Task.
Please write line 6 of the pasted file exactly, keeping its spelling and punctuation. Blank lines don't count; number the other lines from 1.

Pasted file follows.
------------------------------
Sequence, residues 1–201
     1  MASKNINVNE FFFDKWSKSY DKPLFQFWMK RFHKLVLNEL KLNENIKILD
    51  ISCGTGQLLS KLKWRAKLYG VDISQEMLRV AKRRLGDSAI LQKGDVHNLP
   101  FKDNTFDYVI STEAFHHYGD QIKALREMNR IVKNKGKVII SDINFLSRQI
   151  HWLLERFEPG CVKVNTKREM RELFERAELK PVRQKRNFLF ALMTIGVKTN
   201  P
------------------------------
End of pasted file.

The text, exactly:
   201  P